• noun a sudden large decline of business or the prices of stocks (especially one that causes additional failures)
  • verb cause to burst
  • noun an abrupt failure of function or complete physical exhaustion
  • verb fold or close up
  • noun a natural event caused by something suddenly falling down or caving in
  • verb lose significance, effectiveness, or value
  • noun the act of throwing yourself down

Etymologies

from The American Heritage® Dictionary of the English Language, 4th Edition

[Latin collābī, collāps-, to fall together : com-, com- + lābī, to fall.]

from Wiktionary, Creative Commons Attribution/Share-Alike License

From Latin collapsus (past participle of collabi)

Examples

  • I like how Orlov claims that the Soviet collapse is exactly equal to the American collapse*.

    Former USA

  • The prolonged tension of mind and effort during four years of overwrought activity was followed by a period of reaction, to which, as far as the administration of the navy was concerned, the term collapse would scarcely be misapplied.

    From Sail to Steam, Recollections of Naval Life

  • Good piece about the reasoning behind the title collapse!

    CaughtOffside.com

  • However the probability of triggering (committingto) a collapse is about 25% in 2100 and 75% by 2200.

    Liveblogging the EGU – day 4 | Serendipity

  • However the probability of triggering (committingto) a collapse is about 25% in 2100 and 75% by 2200.

    2009 April 23 | Serendipity

  • However the probability of triggering (committingto) a collapse is about 25% in 2100 and 75% by 2200.

    2009 April | Serendipity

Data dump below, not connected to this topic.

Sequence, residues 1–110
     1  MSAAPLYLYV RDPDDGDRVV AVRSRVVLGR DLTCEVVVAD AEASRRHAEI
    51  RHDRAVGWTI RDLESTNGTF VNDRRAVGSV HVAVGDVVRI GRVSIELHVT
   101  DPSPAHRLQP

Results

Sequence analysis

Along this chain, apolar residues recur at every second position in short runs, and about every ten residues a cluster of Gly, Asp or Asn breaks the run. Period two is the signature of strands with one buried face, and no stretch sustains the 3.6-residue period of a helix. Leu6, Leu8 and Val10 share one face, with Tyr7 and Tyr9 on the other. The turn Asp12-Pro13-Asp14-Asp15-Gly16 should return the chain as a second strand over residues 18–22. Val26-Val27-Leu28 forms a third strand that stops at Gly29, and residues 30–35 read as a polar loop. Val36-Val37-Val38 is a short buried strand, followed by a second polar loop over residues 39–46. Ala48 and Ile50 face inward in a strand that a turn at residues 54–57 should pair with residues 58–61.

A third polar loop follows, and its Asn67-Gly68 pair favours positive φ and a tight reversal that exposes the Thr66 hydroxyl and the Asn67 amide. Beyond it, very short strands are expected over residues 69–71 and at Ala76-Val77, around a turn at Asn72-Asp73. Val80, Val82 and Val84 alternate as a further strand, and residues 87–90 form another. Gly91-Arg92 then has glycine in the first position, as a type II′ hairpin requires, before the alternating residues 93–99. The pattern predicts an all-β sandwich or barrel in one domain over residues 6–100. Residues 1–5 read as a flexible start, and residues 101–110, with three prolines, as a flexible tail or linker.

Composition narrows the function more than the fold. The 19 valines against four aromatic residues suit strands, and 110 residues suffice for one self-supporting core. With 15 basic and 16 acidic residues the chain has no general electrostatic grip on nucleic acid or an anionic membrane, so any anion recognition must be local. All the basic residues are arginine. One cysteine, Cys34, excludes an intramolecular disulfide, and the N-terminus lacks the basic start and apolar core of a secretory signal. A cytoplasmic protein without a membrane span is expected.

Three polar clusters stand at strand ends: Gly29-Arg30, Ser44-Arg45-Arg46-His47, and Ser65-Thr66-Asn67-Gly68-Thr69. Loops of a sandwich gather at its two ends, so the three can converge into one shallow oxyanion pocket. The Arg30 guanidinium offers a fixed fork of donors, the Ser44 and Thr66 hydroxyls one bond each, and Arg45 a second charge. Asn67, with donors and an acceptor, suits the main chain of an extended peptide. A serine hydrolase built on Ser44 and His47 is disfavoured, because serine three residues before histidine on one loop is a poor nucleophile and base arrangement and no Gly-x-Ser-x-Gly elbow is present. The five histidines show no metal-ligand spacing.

• He said the financial troubles of some older people were compounded by what he termed the collapse of health services.

    ANC Daily News Briefing

  • "This is an extremely serious problem now, which I call the collapse of constitutionalism," he says.

    NPR Topics: News

  • "This is an extremely serious problem now, which I call the collapse of constitutionalism," he says.

    NPR Topics: News

  • "This is an extremely serious problem now, which I call the collapse of constitutionalism," he says.

    NPR Topics: News

Comments

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  • Here is how a man once talked with his house.

    'Please, if you're ever about to collapse,

    let me know.' One night without a word the

    house fell. 'What happened to our agreement?'

    The house answered, 'Day and night I've been

    telling you with cracks and broken boards and

    holes appearing like mouths opening. But you

    kept patching and filling those with mud, so

    proud of your stopgap masonry. You didn't

    listen.'

    - Rumi, 'Ghazal 1134', version by Coleman Barks with Nevit Ergin in 'The Glance'.

    October 17, 2008

  • collapse has a special meaning in ecology and envronmental fields where it refers to a sudden decline in the population of a species. "The collapse of the native bird population followed the accidental introduction of snakes onto the island."

    June 21, 2009

  • See effort comments.

    March 25, 2012